Johnnie Cooper

DESCRIPTION: John Cooper comes home to find his wife's lover, a brewer, hidden as a pig. When John threatens to slaughter and eat the "pig" the brewer emerges and offers John enough gold and silver to retire if he were spared. He wishes his wife and her lover well.
AUTHOR: unknown
EARLIEST DATE: before 1733 (broadside, Bodleian Douce Ballads 2(267b))
LONG DESCRIPTION: John Cooper was offered a day's work by the brewer, who ran to bed John's wife. Having forgotten his tools John returned home to find his wife had hidden the brewer as a pig in a vat. When John threatened to take an arm or leg off the "pig" the brewer, who "thought he should die by the Cooper," emerged and offered John "the keys of my silver and gold" to spare him. John wished his wife and the brewer well "for they've made a rich man o' John Cooper" so that he could retire from working.
KEYWORDS: adultery bargaining hiding gold husband lover wife
FOUND IN: Britain(Scotland(Aber))
REFERENCES (1 citation):
Greig/Duncan7 1433, "Johnnie Cooper" (4 texts, 3 tunes)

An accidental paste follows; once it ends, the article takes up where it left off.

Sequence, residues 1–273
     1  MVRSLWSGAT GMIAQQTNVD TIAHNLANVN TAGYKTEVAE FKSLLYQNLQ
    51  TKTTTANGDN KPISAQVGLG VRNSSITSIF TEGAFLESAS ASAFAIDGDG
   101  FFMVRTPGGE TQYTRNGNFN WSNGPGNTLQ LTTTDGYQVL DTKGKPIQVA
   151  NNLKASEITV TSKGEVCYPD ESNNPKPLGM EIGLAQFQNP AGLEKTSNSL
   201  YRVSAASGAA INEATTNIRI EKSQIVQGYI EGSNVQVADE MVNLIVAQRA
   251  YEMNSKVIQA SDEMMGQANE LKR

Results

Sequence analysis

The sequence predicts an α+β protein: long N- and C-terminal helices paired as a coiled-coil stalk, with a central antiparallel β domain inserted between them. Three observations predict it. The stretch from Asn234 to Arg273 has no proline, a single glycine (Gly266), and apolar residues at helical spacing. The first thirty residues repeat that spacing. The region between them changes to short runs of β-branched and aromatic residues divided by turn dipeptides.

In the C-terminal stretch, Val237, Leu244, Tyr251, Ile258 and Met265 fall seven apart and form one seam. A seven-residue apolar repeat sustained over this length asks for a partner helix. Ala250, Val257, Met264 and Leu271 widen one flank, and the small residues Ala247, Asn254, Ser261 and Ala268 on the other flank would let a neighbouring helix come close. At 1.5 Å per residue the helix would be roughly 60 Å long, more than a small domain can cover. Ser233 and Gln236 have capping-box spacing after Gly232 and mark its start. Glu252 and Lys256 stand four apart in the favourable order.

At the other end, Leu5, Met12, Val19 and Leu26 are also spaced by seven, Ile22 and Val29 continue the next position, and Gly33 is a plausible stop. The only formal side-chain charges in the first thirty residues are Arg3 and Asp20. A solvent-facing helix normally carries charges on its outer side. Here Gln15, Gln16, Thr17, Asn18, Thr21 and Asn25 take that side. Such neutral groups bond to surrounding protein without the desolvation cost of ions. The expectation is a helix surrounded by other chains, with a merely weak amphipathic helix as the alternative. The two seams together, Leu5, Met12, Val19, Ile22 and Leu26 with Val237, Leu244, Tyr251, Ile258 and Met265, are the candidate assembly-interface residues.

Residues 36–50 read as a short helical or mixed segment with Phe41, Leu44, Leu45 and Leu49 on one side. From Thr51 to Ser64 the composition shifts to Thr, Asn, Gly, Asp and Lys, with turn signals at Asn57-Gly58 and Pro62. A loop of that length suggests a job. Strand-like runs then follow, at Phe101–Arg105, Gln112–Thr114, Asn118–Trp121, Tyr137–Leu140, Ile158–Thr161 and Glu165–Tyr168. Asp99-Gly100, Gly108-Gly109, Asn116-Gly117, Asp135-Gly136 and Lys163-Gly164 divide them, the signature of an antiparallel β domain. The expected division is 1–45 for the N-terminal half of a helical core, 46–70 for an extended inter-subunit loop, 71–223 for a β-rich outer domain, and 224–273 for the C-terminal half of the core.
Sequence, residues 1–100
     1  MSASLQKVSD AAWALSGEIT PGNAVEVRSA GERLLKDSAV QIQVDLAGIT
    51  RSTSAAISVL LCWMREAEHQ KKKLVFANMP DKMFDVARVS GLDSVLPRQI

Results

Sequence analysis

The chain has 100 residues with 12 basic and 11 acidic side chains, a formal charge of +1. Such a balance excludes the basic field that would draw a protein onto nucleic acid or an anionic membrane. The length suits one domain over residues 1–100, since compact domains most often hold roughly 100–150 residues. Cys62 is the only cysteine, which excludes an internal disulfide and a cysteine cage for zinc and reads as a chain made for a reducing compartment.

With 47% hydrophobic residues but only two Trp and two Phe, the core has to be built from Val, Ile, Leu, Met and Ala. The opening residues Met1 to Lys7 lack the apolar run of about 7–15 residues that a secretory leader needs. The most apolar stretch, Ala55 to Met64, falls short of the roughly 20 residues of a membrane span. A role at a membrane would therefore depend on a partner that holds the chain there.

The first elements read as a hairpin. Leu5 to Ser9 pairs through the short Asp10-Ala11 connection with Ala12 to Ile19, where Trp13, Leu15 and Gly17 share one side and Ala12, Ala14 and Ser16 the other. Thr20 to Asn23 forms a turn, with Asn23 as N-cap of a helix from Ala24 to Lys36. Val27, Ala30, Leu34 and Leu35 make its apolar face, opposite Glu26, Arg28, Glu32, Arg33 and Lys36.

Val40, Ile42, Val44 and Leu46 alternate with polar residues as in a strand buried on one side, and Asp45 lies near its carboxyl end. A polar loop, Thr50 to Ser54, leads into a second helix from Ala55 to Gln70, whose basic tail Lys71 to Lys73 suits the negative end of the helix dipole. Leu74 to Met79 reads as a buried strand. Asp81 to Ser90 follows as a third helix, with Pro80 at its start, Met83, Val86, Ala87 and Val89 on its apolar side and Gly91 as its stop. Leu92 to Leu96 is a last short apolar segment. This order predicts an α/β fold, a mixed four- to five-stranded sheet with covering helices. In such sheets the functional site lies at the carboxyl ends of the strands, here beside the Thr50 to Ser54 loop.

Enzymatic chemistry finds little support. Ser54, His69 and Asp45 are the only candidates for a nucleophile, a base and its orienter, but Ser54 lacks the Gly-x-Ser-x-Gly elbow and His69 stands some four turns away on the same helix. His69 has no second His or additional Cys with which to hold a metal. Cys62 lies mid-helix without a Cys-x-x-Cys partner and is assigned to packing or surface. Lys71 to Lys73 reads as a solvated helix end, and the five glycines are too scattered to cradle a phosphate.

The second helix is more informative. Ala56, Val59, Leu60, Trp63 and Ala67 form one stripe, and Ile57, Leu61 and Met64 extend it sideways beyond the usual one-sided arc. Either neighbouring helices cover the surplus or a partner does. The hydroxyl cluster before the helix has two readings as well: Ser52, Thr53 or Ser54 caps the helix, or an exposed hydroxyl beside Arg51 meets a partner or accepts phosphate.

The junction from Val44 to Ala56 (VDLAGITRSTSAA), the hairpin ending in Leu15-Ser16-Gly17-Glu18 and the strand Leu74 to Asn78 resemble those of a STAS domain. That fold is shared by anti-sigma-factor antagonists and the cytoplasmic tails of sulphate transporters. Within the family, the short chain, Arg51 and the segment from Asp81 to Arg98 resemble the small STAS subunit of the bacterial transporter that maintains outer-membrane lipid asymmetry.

Roud #7357
Bodleian, Douce Ballads 2(267b), ("Attend my masters, and listen well"), Norris, T. (London), 1711-1732; also Harding B 1(43), "The Cooper of Norfolk" or "A Jest of a Brewer and a Cooper's Wife"
NOTES [180 words]: "The Cooper of Norfolk" broadside preserves sheath and knife symbolism as in "Leesome Brand" [Child 15] and "Sheath and Knife" [Child 16] ("But she had a Trick which in some Wives are rife, She still kept a Sheath to another Man's Knife."
Child's view (Vol. V, p. 486) has "sheath and knife for mother and child" [(T579.1, "Sheath and knife as analogy for mother and unborn child"), Motif-Index of Folk-Literature revised and enlarged by Stith Thompson, (Bloomington: Indiana University Press, 1955)]. Child 16B is a clearer case for the sense of "The Cooper of Norfolk" but regarding a dead lover: "'It's I hae broken my little pen-knife That I loed dearer than my life.' ... 'It's no for the knife that my tears doun run, But it's a' for the case that my knife was kept in.'"
Wurzbach and Salz, in their rework of Thompson's analysis of Child, mention both ballads but do not consider a 'sheath and knife' motif, or T579.1, at all (Natascha Wurzbach and Simone M Salz, translator Gayna Walls, Motif Index of the Child Corpus: the Englsih and Scottish Popular Ballad (1995)). - BS
Last updated in version 2.5
File: GrD71433

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